As to being out of time, there is a discretion for the court to extend the time limit even after it has expired. Your daughter would need to show good reason for it being out of time. If you tell us those reasons it may be possible to give some guidance as to the prospects of success.
  Forum: Speeding and other Criminal Offences · Post Preview: #1425391 · Replies: 38 · Views: 1,756

southpaw82
Posted on: Sun, 14 Oct 2018 - 22:27


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QUOTE (Wheels @ Sun, 14 Oct 2018 - 23:14) *
QUOTE (The Rookie @ Sun, 14 Oct 2018 - 13:42) *
As a rule of thumb late appeals are accepted where either
1/ There’s was a good reason that the defendant couldn’t appeal earlier
2/ New information has come to light since that renders the conviction unsafe

There are of course sub groups within those but the vast majority fall into those two, neither of which appear to apply unless a court accept her illness rendered it impossible for her to appeal earlier which you may struggle with.

Any first appeal will see the case heard anew, what happened in the previous hearing will be a nullity. You’ll have to convince the judge that no S172 request was served. At that stage it would be worth minimising the effects of her condition in my opinion as it renders an oversight more likley.


A friend of mine asked if her ex partner may have taken the paperwork away so it wasn't found, he denies this, but I hadn't considered that before? If this turned out to be true, would this be new information that could clear my daughter, would this be classed as perverting the course of justice? I honestly don't think he did, but I'm just thinking out loud?

What evidence do you have of that?
  Forum: Speeding and other Criminal Offences · Post Preview: #1425220 · Replies: 38 · Views: 1,756

southpaw82
Posted on: Sun, 14 Oct 2018 - 15:48


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QUOTE (Ruta @ Sun, 14 Oct 2018 - 16:19) *
what would i just state who was driving

I would start with pointing out that the reverse of the form was blank so you will supply the driver’s name, address, date of birth and driving licence number (assuming you know these) and offering to supply further information if they need it.
  Forum: Speeding and other Criminal Offences · Post Preview: #1425114 · Replies: 20 · Views: 961

southpaw82
Posted on: Sun, 14 Oct 2018 - 15:16


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The s 172 requirement has been made, you need to comply with it. Reply using a signed letter.
  Forum: Speeding and other Criminal Offences · Post Preview: #1425107 · Replies: 20 · Views: 961

southpaw82
Posted on: Sat, 13 Oct 2018 - 23:10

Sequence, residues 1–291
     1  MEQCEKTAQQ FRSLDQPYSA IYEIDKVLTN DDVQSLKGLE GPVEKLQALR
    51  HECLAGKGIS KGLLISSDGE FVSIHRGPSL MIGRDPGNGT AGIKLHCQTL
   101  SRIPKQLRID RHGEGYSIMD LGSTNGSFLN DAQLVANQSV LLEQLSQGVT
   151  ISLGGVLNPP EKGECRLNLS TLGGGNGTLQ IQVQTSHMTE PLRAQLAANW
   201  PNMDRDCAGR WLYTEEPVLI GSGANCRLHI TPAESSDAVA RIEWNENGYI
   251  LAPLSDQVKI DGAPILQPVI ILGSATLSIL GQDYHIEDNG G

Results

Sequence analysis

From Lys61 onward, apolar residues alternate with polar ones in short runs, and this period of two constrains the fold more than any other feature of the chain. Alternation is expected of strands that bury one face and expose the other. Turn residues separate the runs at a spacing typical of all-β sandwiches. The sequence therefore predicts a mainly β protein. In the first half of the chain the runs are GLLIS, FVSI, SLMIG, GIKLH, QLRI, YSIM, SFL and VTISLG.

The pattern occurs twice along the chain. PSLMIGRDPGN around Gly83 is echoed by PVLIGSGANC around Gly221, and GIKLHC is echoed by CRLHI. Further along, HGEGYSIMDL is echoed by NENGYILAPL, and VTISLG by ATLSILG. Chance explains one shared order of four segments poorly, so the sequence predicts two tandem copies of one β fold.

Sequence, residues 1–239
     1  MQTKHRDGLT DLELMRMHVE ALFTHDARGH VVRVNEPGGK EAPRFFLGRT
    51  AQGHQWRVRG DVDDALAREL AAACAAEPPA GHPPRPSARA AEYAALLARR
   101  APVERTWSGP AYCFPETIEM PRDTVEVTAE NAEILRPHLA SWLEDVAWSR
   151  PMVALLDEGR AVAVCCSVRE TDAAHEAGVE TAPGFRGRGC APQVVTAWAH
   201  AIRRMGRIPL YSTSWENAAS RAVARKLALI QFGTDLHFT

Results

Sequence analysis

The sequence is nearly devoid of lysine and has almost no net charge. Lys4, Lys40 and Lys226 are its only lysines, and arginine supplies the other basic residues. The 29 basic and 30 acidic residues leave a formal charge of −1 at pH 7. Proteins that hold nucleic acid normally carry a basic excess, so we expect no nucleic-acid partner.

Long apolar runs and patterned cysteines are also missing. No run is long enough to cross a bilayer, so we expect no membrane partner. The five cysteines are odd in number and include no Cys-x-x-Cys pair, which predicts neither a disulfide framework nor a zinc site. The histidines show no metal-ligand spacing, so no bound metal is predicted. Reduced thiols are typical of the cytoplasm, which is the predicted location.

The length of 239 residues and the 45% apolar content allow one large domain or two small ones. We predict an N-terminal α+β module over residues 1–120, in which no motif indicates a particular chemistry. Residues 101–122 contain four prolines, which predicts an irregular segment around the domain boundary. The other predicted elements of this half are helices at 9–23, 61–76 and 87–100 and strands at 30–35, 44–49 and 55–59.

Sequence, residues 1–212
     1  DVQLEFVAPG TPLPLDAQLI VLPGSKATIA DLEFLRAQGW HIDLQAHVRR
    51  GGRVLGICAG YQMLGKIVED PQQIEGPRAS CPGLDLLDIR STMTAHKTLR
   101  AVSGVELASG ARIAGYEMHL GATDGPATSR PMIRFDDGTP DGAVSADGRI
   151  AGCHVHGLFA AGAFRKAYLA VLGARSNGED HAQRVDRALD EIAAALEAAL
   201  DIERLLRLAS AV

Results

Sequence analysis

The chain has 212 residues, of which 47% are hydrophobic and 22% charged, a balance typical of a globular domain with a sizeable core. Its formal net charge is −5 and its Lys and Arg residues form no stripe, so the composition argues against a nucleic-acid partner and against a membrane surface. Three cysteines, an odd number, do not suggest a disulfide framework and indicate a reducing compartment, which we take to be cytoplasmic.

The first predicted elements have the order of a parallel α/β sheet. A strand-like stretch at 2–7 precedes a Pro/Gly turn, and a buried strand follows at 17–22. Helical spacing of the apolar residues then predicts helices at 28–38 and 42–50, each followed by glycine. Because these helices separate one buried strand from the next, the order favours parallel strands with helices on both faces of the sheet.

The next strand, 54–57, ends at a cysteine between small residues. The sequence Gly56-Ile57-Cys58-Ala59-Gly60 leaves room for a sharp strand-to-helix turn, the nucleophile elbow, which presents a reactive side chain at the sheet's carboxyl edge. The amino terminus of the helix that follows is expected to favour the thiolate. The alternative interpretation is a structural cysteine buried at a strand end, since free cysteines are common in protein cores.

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QUOTE (seank @ Sat, 13 Oct 2018 - 23:25) *
Why would the owner of a vehicle (my company) make any difference to an authority delivering an NIP on time, or late, please?
Could you, kindly, answer the question that we are raising? What advice would you give this newbie, versus the result I saw, in person? Please, if you don't mind.
Tell me then, what is the use of this forum, in such cases.
Many thanks,

You haven’t answered my question though - what would you do?

I suspect the answer you’re looking for is “advise them to check when the NIP was served”. I’ve seen that advice given often enough, such as here, here and here. If that’s not the answer you’re looking for then what is?
  Forum: The Flame Pit · Post Preview: #1424999 · Replies: 78 · Views: 2,418

southpaw82
Posted on: Sat, 13 Oct 2018 - 23:01


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QUOTE (Wheels @ Sat, 13 Oct 2018 - 23:27) *
So please is there a criteria that needs to be met for a late appeal to be accepted, before I get the chance to outline the appeal, because I should get it in pronto and don't know what points I should include?

There will be guidance but since it’s the weekend and I’ve not brought my copy of Wilkinsons home nor committed it to memory you will have to wait. What I can say is that being able to make the appeal but choosing not to do so isn’t a great start.
  Forum: Speeding and other Criminal Offences · Post Preview: #1424994 · Replies: 38 · Views: 1,756

southpaw82
Posted on: Sat, 13 Oct 2018 - 21:22


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QUOTE (seank @ Sat, 13 Oct 2018 - 22:12) *
Poster Dave B.
Newbie. No previous posts.

I have received an NIP from my vehicle loan company. I apparently exceeded the speed limit. There is photographic evidence, they say.
I am not the registered keeper.
I asked for photos to identify the driver, and they clearly show that it's me. I know it was me, actually. I like speed and have been prosecuted before and have another NIP for speeding in the same vehicle, to be heard later.